Client Experience: More Than Just Customer Service
In the past, “customer service” was an all-encompassing term used to describe the interactions between sales associates, other company representatives, and customers. Customer service was primary associated with fielding requests and complaints and providing a smooth customer experience if problems arose. Now as retail drastically evolves from brick-and-mortar shops to primarily online stores and subscription services, customer service is getting a makeover too. That’s why you’re probably hearing more and more about the importance of “client experience » (CX) over customer service.
CX encompasses a very broad spectrum of events and interactions throughout the customer journey, beyond interactions with the customer service team. As soon as a consumer sees that first Facebook ad or stumbles upon your company’s social media profiles, the CX has begun—and it lasts long after your product or service has been purchased. CX is comprised of the sum of every single interaction made during the customer’s “experience” with your business. This includes things like:
- Emails sent out by your business
- Social media posts and engagement
- Events hosted and attended by your staff
- Blog posts written to inform your target market
- Communications with sales staff
- The online checkout process
- After-purchase events like customer satisfaction surveys
- Delivery or implementation of the product or service
- Packaging of the product
- Quality of the product
- Case resolution in the event of an issue
As you can see, every employee in a company can impact CX. The marketing department, sales team, support staff, warehouse workers, and of course, the customer service department, all help define the client experience for your target market.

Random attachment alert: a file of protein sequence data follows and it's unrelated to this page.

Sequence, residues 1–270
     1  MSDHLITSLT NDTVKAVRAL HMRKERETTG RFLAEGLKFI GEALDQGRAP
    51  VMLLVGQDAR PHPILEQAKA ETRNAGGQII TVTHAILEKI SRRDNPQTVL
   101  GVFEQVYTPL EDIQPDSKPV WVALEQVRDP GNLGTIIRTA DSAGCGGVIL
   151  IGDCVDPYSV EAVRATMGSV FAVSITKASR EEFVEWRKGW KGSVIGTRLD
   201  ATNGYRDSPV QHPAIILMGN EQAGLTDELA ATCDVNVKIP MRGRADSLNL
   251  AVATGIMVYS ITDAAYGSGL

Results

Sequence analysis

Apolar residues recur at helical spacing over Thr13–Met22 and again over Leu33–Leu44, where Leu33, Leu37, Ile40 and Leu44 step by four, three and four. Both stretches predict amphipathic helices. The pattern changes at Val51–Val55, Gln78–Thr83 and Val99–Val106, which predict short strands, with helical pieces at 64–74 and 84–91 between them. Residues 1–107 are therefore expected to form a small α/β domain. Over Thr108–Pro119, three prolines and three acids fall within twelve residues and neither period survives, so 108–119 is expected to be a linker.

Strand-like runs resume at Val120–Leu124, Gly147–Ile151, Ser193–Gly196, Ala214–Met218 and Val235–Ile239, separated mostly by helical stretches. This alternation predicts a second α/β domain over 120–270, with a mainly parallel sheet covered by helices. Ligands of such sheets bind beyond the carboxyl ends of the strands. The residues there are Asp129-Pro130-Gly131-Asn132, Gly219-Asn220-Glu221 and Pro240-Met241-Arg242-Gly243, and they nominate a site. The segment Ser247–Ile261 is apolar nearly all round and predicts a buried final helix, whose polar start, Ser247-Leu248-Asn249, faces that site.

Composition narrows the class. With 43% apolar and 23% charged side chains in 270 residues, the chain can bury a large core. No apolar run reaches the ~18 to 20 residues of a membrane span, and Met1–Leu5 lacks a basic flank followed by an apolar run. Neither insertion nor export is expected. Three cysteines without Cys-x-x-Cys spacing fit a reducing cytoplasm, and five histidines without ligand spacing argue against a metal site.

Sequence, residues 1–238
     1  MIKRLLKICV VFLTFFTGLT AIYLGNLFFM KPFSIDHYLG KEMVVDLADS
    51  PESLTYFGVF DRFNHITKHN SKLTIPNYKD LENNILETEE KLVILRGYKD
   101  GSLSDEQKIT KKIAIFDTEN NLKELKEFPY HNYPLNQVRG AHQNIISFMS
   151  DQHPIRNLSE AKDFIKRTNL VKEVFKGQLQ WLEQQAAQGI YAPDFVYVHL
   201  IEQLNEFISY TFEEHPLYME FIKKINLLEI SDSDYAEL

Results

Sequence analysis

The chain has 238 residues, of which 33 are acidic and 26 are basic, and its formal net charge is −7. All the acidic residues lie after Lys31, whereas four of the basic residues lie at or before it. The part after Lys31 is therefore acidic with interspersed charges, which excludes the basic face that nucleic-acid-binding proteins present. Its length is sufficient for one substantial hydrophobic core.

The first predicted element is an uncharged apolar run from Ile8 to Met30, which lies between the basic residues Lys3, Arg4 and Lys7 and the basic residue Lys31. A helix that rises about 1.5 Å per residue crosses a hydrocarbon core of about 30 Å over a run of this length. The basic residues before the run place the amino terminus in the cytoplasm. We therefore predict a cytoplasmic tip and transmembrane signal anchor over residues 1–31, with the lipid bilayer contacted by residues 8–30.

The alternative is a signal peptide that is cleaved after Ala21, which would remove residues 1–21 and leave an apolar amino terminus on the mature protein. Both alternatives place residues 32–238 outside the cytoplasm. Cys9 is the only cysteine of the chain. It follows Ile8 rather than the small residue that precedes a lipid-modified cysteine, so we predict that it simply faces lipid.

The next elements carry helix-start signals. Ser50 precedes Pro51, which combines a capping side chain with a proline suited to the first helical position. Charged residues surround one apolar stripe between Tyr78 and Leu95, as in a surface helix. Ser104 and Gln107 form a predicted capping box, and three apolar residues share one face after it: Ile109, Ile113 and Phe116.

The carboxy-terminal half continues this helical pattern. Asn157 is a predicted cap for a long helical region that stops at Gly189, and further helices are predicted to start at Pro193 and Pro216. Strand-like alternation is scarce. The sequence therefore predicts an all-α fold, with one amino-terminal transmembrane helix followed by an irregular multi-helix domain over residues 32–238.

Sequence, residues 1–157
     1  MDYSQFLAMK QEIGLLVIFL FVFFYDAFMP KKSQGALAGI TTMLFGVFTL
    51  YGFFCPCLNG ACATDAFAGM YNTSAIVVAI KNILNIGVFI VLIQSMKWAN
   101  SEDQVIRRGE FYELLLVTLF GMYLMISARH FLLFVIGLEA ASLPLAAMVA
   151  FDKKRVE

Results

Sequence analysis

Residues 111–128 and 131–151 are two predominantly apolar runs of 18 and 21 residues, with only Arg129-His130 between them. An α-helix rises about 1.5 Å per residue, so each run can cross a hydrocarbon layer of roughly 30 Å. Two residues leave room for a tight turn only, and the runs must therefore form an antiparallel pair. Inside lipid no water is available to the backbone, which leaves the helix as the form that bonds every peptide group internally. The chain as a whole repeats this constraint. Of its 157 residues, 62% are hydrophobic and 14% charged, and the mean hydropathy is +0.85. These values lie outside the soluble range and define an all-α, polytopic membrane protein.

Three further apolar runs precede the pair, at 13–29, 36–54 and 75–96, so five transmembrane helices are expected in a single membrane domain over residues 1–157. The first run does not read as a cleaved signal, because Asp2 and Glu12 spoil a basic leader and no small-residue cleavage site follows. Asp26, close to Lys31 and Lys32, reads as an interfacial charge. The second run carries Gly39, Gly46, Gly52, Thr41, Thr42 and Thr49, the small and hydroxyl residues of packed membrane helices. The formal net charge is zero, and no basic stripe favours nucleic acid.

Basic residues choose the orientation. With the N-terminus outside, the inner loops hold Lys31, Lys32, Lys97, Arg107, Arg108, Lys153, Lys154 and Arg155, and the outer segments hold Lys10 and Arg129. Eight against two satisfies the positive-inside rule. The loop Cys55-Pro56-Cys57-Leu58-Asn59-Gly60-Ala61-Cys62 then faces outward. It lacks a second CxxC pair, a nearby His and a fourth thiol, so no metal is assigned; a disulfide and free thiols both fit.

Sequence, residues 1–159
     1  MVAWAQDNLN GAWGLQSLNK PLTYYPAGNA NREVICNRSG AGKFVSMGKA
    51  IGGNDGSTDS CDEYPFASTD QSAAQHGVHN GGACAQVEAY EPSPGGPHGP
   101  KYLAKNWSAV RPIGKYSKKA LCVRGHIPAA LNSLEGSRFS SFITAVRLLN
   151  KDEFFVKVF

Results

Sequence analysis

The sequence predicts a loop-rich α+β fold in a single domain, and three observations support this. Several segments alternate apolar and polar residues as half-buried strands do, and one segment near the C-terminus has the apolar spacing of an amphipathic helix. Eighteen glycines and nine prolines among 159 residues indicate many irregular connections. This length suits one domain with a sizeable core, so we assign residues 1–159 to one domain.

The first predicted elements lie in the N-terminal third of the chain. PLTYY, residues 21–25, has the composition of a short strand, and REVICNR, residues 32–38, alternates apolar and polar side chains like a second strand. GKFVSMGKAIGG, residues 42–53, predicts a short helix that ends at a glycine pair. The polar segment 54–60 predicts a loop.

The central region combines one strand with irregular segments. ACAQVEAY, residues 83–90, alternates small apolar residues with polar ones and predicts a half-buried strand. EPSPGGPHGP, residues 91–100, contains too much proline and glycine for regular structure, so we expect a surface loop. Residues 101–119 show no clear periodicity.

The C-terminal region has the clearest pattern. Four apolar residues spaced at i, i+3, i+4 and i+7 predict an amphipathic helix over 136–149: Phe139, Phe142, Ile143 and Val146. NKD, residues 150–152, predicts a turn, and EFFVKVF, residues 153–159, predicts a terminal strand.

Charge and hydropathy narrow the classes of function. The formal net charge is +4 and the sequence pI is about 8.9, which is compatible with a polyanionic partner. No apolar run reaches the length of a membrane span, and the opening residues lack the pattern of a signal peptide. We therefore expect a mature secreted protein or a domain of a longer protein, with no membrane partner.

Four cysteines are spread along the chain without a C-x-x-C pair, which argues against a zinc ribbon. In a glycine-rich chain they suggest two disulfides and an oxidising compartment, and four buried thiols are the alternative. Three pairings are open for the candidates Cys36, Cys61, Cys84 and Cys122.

As business leadership has observed this transition from customer service to client experience, we have seen the emergence of a Client Experience Manager (CXM) position. You might even see a Chief Client Experience Officer (CCXO) at larger corporations. The individuals in these positions oversee customer satisfaction at the highest levels. Happy customers increase the likelihood of repeat business, employ customer referrals, and create a competitive advantage only achieved by great CX.
Armed with that knowledge, it’s easy to see why investing in a proven CXM or CCXO can help your business thrive. But what makes for a great CX professional? Look out for these skills when on the hunt:
Most of your client experience is facilitated digitally, and the tools available are constantly changing the game. A CXM who adapts quickly and efficiently can help your organization stay ahead of the curve.
Pro tip – When searching, look for diverse experience with programs and evolving systems used in candidates’ previous roles.
Strong Communication Skills
Because CX involves every department in your business, your CXM won’t be able to handle everything alone. Being able to communicate across departments is crucial to getting things done effectively.
Pro tip – During the interview, listen for stories involving multiple team members from different departments that ended in a lesson learned or measurable success.
Goal-Oriented and Numbers-Driven
The ability to collect data and extract meaningful insights and next steps determines the success of CX. Taking those insights and running with them to create and meet company goals for revenue, conversion rates, and more is what sets the great CXMs apart.
Pro tip – Check resumes for quantitative evidence of prior success such as “lowered attrition rates by 5% over 3 months.”
Today’s consumer is savvy and has plenty of options. When it comes to buying literally anything, finding 10-20 different products around the same price point is a piece of cake. That’s why your client experience must cater to the customer in the perfect way and stand out to ultimately win business.
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